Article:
Dreams from the Red Room

From YSDC Wiki
Jump to: navigation, search

Origin: "Horror Stories from the Red Room", by Simon Yee


Dreams from the Red Room is the series of four (or, by some accounts, five) last known paintings by Xavier Ignacio, a relatively unknown painter, musician, and member of the "Red Room Cabal" who died in poverty at the age of 27 shortly after the mysterious death of his sole patron (and, some say, lover), socialite Ellen Beaumont (the leader and founding member of the Red Room Cabal).

The paintings were rumored to have been inspired by Dreamlands hallucinations caused by an strange drug ("Nightmare Opium of Leng") taken by Xavier and other Red Room Cabal members.

Original Paintings and Recordings

Physical Description: Oil on canvas paintings after a surrealist or abstract mode; the pigments used in the paintings may contain the "essential salts" of dead members of the Red Room Cabal; the paintings are accompanied by wax cylinder recordings of music played on a celesta (an instrument resembling an upright piano) with occasional spoken-word passages ("horror stories") describing nightmarish hallucinations, dreams, and visions.

General Content: The paintings are in a garish and vague abstract style suggestive of an inexplicable mood of profound sadness; the fifth painting was described as "...a vague, garish painting of a small man and woman dancing in a field of fantastic structures...", "bizarre abstractions", and "some sort of Dadaism or something". Spine-chilling recorded music set to accompany the paintings is played by Xavier Ignacio, and reminiscent of the piping madness of some outer horror of ultimate nightmare.

Number of known copies and last known location of surviving copies: Only the original paintings are known to exist; the four known paintings are believed to have been offered at auctioned by Frank Dreyer on behalf of the Beaumont Estate to one or more California socialites (Clark Ashton Smith, Randolph Hearst, Randolph Coutts, and Henry Sherriff all seemed to have expressed interest in the paintings); these, as well as a rumored fifth painting in the series, may exist in the hands of any of these people, or their agents and investigators. The most likely current location of the paintings is the Zebulon Pharr Collection in San Francisco, managed by Randolph Coutts.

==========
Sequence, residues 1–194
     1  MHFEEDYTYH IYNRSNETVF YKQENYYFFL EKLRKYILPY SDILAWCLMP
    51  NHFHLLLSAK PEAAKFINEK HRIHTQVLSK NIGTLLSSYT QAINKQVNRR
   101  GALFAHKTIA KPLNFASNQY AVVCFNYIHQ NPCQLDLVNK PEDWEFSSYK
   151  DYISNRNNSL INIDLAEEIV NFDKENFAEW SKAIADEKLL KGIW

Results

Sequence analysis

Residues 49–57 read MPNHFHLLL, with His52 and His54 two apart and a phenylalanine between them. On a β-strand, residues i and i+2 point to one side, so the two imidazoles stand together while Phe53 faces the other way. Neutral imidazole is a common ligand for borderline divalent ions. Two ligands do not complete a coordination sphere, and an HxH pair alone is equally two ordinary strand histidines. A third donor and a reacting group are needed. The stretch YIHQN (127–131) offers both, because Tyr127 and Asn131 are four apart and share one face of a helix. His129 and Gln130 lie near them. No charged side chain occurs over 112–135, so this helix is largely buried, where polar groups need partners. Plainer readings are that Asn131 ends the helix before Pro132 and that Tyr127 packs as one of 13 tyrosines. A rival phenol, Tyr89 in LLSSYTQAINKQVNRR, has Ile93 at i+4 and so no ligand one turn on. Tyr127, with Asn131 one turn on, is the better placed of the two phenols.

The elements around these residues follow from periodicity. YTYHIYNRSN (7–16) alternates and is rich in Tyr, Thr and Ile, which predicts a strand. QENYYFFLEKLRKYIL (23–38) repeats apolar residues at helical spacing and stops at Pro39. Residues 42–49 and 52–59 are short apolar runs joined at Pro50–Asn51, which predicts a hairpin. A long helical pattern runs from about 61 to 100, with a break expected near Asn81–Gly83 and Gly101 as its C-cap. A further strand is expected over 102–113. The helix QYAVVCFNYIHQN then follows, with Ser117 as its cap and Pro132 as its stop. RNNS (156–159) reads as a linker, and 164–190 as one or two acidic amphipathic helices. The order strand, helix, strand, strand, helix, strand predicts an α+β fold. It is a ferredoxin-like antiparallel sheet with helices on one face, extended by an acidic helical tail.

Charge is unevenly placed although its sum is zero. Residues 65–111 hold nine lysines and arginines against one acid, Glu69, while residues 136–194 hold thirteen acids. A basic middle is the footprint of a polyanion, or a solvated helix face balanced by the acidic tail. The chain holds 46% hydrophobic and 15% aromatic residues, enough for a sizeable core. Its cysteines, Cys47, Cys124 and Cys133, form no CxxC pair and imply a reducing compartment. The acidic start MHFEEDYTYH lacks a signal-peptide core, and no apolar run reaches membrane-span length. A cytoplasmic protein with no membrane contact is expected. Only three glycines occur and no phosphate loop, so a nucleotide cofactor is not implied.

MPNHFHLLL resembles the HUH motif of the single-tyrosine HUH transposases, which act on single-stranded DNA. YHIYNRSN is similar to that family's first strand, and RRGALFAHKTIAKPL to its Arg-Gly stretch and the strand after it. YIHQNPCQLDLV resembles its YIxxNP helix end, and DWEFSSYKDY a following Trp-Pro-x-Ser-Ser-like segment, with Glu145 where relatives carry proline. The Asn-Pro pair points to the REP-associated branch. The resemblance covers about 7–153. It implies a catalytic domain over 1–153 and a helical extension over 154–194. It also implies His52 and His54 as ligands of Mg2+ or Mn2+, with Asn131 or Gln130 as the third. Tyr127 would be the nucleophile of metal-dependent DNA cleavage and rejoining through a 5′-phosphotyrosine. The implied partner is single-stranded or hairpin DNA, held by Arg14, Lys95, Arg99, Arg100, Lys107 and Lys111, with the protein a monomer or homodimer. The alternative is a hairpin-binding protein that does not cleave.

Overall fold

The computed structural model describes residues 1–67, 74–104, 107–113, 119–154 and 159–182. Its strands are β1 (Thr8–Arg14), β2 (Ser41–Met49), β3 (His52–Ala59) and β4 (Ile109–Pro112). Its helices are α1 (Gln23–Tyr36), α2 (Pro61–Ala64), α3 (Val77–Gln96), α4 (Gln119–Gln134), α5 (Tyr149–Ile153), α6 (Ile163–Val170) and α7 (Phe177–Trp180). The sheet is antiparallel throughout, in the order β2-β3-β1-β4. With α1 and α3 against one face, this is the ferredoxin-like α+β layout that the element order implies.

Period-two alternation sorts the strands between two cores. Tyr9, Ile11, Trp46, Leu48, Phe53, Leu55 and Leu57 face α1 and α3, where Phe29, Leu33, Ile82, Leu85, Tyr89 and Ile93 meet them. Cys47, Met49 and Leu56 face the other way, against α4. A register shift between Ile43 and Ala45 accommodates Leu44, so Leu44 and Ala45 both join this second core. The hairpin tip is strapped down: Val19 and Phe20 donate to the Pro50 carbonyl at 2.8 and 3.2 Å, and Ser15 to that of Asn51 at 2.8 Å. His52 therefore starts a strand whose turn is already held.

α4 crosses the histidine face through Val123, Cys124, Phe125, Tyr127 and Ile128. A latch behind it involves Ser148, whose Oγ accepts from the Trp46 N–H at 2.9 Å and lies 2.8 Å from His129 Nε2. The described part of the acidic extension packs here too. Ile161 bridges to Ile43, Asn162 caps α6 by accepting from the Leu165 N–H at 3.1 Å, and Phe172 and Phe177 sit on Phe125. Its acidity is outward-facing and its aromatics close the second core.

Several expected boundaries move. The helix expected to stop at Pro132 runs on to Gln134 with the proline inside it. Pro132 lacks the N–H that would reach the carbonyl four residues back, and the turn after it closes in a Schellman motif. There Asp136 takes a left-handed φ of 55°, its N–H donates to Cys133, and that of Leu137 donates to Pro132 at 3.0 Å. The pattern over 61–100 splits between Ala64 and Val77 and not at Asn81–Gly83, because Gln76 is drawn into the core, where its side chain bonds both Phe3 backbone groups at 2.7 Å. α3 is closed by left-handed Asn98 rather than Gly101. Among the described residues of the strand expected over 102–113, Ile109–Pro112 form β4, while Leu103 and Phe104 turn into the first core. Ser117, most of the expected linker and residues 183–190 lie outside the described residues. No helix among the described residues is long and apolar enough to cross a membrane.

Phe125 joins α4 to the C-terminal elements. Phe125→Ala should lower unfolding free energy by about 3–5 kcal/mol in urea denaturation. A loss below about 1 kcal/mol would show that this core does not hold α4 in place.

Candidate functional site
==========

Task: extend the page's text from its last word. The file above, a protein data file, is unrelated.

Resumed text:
Mythos Content

  • Sanity Loss: SAN 0/1D2 to hear music or see the paintings
    • Anyone who comes in skin-contact with the original paintings or records for a prolonged period of time must roll POW x5 or start having paranoid hallucinations of nightmarish proportions for 1D4 hours (SAN Loss: 1/1d6), as a "contact high" from the Nightmare Opium of Leng used by the objects' original owners.
    • a successful Cthulhu Mythos roll will indicate that the music is reminiscent of music or chanting to an Outer God
    • a successful Cthulhu Mythos roll will indicate that the paintings depict a region of the Dreamlands that borders uncomfortably closely to the Court of Azathoth

The Artist

Xavier Ignacio’s family line stretched back to Spain and the nobility class. As a result of court politics, Xavier’s family had to relocate with the military to California (before the time it became a territory of the United States).

Xavier himself was an impoverished musician, painter and addict of the Nightmare Opium of Leng, invited by a more respectable fellow artist and writer to play accompaniment on celesta to readings of horror stories for the Red Room Cabal; Xavier's outre performance and bizarre, nightmarish Dreamlands stories instantly made him a member of the cabal, and soon after Xavier introduced most other members of the cabal to the drug, including his sole patron, wealthy socialite Ellen Beaumont. Xavier's paintings are allegedly a tribute to a secret and impossible love affair with Ellen, and her purchase of the paintings allegedly and expression of her feelings in return; whatever the truth of their relationship, Xavier seems to have been devastated by Ellen's mysterious death within a couple years of meeting Xavier, and an apparently heartbroken Xavier faded into solitary obscurity and squalor before dying in a gutter soon afterward at the age of 27.